How to Predict Whether or Not a Couple Will Break Up

unrecognizable newlywed couple admiring mounts on wedding day

John Gottman is a legendary relationship researcher. He began using “The Love Lab” as his research centre at the University of Washington in 1986.

Here, he would have couples stay in the apartment at The Love Lab, and watch as they bring up an old topic that they would typically fight about. During this conflict, he would also film the couple and measure their vitals or physiological responses.

By 1992, Gottman became so accurate at predicting which couples would eventually divorce that he published a study on it. His findings successfully indicated with 91% accuracy which of the 57 couples would later break up after recording them deal with conflict for only five minutes.

How Do You and Your Partner Fight?

The main thing that Gottman realised was what we now know as conflict style. The average therapist will say that the most healthy conflict style is a validating or compromising conflict style. With this style, the partner will want to discuss the issue calmly and rationally, talk about how the couple can resolve the problem, and collaboratively develop an amicable solution that will work well for both parties.

bench man couple love

Now Gottman found that if both parties or people in a disagreement had this validating or compromising conflict style, it worked well and didn’t predict a later break up. It wasn’t the case if only one person was validating or compromising in their conflict style. If their partner was avoidant, volatile or passive-aggressive in their conflict style, this mismatch was more predictive of a later divorce. 

What might be surprising to therapists is that if both people were avoidant in their conflict style, their outcome tended to be no worse than if they were both validating. So if you prefer to only focus on the good and not discuss any of the issues in your relationship, you may not need to start bringing stuff up. Instead, it would be best if you found a partner who also prefers to sweep the bad things under the rug rather than discuss any problematic issues. However, if your partner needs to bring things up, you may need to, too, if you want your relationship to be happy and work out in the long run.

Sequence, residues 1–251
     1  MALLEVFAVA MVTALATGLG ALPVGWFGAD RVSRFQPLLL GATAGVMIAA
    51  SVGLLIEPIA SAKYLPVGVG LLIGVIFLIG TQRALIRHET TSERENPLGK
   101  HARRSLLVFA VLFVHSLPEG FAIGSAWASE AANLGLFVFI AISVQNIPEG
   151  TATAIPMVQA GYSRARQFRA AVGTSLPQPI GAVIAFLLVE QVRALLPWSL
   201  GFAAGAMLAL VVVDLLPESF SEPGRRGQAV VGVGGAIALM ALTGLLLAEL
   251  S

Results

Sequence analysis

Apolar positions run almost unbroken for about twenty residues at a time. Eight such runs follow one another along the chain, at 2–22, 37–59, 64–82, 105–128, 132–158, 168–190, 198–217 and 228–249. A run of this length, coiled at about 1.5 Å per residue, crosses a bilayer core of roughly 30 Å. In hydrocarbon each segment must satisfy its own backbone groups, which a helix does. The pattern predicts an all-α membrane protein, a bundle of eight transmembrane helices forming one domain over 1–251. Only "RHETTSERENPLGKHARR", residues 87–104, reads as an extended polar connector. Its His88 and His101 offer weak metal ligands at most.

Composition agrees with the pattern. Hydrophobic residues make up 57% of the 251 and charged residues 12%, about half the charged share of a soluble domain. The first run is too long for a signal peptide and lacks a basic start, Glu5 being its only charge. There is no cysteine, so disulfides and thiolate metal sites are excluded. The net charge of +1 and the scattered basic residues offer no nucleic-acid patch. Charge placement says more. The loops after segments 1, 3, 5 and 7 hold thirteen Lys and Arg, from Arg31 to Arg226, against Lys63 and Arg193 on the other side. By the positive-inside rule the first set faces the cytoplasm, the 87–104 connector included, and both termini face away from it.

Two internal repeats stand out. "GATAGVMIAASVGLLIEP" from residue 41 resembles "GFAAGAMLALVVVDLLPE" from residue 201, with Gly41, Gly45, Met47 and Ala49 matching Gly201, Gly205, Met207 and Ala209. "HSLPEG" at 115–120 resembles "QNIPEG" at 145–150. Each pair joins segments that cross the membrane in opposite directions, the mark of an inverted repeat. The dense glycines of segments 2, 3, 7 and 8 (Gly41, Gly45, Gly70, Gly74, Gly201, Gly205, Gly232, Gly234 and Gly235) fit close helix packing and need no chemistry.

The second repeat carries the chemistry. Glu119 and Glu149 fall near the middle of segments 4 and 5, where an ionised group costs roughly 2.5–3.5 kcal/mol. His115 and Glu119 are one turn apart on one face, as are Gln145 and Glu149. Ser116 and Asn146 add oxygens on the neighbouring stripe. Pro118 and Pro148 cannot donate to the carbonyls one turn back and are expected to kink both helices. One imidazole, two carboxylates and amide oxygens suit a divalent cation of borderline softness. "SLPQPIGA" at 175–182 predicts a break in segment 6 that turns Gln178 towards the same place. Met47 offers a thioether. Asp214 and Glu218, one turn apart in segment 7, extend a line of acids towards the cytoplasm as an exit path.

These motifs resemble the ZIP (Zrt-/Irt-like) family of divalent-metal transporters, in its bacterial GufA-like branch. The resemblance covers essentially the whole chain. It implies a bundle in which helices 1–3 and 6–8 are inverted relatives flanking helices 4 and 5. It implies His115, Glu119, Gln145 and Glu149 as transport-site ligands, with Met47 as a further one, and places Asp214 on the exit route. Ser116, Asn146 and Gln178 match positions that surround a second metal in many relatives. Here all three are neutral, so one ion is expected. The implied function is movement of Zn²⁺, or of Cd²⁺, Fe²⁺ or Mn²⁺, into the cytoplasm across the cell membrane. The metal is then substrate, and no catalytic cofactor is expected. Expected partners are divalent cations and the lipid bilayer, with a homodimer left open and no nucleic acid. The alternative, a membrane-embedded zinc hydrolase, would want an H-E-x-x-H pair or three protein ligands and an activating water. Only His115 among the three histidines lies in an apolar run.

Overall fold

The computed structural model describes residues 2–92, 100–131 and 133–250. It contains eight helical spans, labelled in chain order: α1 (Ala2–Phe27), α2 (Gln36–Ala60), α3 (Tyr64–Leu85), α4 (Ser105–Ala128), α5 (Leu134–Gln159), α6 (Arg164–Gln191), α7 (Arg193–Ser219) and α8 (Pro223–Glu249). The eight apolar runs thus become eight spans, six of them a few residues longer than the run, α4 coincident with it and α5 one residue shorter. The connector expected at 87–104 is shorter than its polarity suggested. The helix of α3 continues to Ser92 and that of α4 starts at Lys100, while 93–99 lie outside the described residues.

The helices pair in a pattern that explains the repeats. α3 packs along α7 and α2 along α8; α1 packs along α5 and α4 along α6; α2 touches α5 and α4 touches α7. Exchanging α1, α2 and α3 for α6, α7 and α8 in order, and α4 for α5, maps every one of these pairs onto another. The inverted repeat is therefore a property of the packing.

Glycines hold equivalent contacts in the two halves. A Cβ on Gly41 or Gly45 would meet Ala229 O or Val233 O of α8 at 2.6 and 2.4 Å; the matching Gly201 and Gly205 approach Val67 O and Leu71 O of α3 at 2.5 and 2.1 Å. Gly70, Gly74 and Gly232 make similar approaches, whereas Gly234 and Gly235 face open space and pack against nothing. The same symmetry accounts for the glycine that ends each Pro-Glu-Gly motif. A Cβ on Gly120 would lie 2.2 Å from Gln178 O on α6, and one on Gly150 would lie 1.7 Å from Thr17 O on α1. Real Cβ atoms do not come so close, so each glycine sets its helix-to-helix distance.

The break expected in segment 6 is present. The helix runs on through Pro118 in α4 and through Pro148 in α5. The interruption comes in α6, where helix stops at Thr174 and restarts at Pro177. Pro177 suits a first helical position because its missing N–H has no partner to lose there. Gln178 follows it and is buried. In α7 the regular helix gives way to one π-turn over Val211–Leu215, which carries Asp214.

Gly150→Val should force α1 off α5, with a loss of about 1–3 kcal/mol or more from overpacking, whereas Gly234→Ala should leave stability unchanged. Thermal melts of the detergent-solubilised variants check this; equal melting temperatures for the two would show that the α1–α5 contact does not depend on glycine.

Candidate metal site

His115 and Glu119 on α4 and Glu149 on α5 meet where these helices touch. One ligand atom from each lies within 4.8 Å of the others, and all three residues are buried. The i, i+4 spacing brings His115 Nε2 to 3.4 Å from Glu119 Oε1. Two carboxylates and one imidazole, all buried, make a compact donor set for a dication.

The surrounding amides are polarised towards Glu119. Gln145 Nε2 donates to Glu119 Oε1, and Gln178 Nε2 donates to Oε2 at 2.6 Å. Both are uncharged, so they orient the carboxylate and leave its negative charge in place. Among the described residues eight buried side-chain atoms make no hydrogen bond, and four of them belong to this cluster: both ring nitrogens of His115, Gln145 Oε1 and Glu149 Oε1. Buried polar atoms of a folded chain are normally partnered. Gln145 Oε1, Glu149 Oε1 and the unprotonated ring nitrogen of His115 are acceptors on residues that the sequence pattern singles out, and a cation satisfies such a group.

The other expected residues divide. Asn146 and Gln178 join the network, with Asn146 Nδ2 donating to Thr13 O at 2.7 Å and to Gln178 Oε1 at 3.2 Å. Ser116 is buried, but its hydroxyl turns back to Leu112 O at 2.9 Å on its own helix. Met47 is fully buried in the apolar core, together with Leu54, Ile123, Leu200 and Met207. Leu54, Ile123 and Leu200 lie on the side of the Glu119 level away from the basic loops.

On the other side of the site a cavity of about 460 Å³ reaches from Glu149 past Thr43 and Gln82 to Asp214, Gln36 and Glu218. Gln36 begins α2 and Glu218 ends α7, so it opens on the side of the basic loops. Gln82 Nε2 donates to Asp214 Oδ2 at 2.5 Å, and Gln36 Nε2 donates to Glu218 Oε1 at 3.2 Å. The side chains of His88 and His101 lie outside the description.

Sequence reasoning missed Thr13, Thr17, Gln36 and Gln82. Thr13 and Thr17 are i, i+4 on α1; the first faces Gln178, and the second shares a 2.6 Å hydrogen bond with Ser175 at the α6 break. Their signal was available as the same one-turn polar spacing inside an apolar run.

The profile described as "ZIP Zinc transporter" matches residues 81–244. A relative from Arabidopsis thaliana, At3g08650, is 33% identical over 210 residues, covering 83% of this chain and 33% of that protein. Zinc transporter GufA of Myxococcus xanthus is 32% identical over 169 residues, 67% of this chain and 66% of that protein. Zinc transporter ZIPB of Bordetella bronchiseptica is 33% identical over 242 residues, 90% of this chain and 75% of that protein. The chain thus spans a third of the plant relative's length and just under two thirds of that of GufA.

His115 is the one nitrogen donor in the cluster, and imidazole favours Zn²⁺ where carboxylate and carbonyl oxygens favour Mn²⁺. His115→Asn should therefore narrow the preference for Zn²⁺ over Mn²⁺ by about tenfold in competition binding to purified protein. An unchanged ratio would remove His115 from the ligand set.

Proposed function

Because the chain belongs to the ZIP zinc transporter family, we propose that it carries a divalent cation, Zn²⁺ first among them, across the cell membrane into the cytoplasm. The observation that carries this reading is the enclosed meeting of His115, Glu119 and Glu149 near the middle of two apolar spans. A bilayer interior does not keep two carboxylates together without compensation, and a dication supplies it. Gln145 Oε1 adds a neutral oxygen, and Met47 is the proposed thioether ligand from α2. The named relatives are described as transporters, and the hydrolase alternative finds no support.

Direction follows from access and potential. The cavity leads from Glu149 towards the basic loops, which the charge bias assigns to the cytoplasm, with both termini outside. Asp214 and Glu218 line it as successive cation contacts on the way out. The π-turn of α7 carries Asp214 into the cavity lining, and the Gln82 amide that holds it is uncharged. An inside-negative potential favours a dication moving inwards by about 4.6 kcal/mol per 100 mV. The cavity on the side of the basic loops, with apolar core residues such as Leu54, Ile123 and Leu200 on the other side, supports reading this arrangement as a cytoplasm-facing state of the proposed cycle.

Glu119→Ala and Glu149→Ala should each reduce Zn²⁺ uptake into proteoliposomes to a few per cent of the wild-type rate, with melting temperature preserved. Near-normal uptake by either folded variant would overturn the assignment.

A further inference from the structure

Similarly, if your ideal conflict style is to be volatile and get everything off your chest regardless of how you say it, this can work if your partner wants to be volatile too. Again, you are likely to fare just as well as the validating or avoidant couples, and much better than if you prefer to be volatile and your partner does not. 

Which Conflict Style Is Ideal for Your Relationship?

It turns out that deciding upon which conflict style is likely to work best for you and your partner, and then both doing this is more important than figuring out which conflict style is best in general. For example, some relationships may work out precisely because the bad stuff is avoided and never discussed. Others may be passionate and work because each partner gets everything they think and feel off their chest. And another couple may work out because they chat about the important things without losing their temper and work together to come up with a solution while both choosing to let some of the more minor things go.

Whether you prefer to be avoidant, compromising or validating in how you manage conflict, try to see if you can get on the same page about how to best deal with disagreements with your partner. Being on the same team about how you want to try and manage fights will give you the best chance to maintain a happy and healthy relationship. On the other hand, if you can’t get on the same team about how you want to fight, Gottman’s research findings indicate that your different conflict styles are more than likely to be the end of your relationship one day.

wood love people woman

If you want to learn more, Gottman has some great books that I would highly recommend reading, including:

  • The Seven Principals for Making Marriage Work: A Practical Guide from the Country’s Foremost Relationship Expert
  • Eight Dates: Essential Conversations for a Lifetime of Love
  • The Man’s Guide to Women: Scientifically Proven Secrets from the “Love Lab” About What Women Really Want
  • The Relationship Cure: A 5-Step Guide to Strengthening Your Marriage, Family and Friendships
  • The Science of Trust: Emotional Attunement for Couples
  • Why Marriages Succeed or Fail: And How You Can Make Your Last

Dr Damon Ashworth

Clinical Psychologist

Published by Dr Damon Ashworth

I am a Clinical Psychologist. I completed a Doctoral degree in Clinical Psychology at Monash University and a Bachelor of Behavioural Sciences and a Bachelor of Psychological Sciences with Honours at La Trobe University. I am passionate about the field of Psychology, and apply the latest empirical findings to best help individuals meet their psychological and emotional needs.

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